03 May 2006

No Worries, Mr. Bakiev

So, most of the Kyrgyzstan ministers attempted to resign yesterday, but Bakiev refused to accept their resignation. Since the resignations were in response to a vote on Friday by Parliament, Bakiev blames this round of instability on Parliament.

Actually, there is very little Parliament can do to get rid of the government. The best they can do is a no confidence vote, but it's not a very effective no confidence vote, because the president gets to choose if he will ignore it. If he does, Parliament can do a no confidence vote again (2/3 majority required both times) within three months, and then the president chooses whether he dissolves the government or simply dismisses Parliament.

No worries for the president there.** And he's said that if anyone tries to storm the White House, he'll be waiting for them.

Of course, maybe Bakiev will start to see the writing on the wall. Despite the fact that most of the rest of the country is nowhere near as annoyed with him as many in Bishkek are, those supporters certainly aren't giving him a lot of help. But he still seems quite determined to keep himself in power. Maybe he hasn't yet made enough money to make up for the bribes he must have paid out a year ago.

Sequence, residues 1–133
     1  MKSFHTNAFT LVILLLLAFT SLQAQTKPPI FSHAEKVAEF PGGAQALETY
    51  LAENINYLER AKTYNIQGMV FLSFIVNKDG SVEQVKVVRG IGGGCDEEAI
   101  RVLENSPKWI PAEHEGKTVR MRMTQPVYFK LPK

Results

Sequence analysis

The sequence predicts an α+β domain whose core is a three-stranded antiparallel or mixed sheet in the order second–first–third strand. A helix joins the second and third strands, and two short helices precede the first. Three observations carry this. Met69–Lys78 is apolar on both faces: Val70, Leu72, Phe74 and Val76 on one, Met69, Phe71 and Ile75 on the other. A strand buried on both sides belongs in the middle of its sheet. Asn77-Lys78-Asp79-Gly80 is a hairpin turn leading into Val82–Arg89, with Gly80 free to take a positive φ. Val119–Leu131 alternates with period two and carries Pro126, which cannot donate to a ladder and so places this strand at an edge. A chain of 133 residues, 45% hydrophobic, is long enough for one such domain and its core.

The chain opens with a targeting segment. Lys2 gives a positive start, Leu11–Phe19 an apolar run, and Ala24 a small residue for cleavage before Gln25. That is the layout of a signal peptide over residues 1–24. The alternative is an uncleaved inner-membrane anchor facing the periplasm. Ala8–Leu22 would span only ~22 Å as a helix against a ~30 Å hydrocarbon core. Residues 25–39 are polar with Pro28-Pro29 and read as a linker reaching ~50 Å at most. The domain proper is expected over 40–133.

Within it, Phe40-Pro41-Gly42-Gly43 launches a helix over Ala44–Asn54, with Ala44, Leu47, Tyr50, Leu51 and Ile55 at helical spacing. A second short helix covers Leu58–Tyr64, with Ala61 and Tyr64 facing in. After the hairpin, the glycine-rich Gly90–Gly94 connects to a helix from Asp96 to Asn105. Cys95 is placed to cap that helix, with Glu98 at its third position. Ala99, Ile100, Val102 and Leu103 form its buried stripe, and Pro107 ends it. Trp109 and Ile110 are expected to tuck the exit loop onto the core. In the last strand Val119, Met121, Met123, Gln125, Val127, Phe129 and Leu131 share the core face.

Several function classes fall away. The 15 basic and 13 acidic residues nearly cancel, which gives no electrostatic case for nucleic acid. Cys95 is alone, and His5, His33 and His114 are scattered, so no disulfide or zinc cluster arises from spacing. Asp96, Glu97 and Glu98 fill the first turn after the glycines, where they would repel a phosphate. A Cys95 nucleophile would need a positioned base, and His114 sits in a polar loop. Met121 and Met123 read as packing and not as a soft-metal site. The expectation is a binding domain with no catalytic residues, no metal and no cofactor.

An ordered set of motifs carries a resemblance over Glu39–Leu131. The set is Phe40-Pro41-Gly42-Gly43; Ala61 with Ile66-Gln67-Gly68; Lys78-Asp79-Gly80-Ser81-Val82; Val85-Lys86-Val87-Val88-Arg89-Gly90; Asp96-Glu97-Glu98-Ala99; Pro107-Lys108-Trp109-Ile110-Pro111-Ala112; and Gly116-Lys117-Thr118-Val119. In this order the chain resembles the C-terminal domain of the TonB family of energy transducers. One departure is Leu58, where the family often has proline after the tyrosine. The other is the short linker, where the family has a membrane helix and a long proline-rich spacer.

One of the subjects my husband has been teaching is constitutional law and in their assignment to create their own constitutions, it is very interesting to see how many choose a system that places nearly all of the power with the president.

**Actually, the president can be impeached, but that's so unlikely to happen it's not worth worrying about. Two-thirds of Parliament have to approve the impeachment, then the Constitutional Court has to approve the decision. If the CC doesn't approve, Parliament is dissolved (quite the deterrent). If the CC approves the decision, it returns to Parliament where four-fifths of the deputies have to approve the president's removal within two months.

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